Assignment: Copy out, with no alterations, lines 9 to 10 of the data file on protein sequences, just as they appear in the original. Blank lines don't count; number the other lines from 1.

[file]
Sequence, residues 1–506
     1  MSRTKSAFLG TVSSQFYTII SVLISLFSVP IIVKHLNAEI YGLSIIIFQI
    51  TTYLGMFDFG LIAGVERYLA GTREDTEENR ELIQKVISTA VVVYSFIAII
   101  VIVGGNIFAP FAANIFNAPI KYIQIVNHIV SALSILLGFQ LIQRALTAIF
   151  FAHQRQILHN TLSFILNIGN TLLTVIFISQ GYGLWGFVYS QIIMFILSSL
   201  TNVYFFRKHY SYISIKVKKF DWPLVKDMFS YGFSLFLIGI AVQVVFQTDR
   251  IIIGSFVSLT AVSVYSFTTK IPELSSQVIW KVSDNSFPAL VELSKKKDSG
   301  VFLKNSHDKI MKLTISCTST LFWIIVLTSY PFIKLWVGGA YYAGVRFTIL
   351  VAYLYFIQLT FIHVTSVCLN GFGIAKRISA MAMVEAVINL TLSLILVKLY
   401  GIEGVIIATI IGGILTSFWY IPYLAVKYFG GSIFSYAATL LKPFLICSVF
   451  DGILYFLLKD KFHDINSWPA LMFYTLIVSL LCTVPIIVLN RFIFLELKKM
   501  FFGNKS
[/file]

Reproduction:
   351  VAYLYFIQLT FIHVTSVCLN GFGIAKRISA MAMVEAVINL TLSLILVKLY
   401  GIEGVIIATI IGGILTSFWY IPYLAVKYFG GSIFSYAATL LKPFLICSVF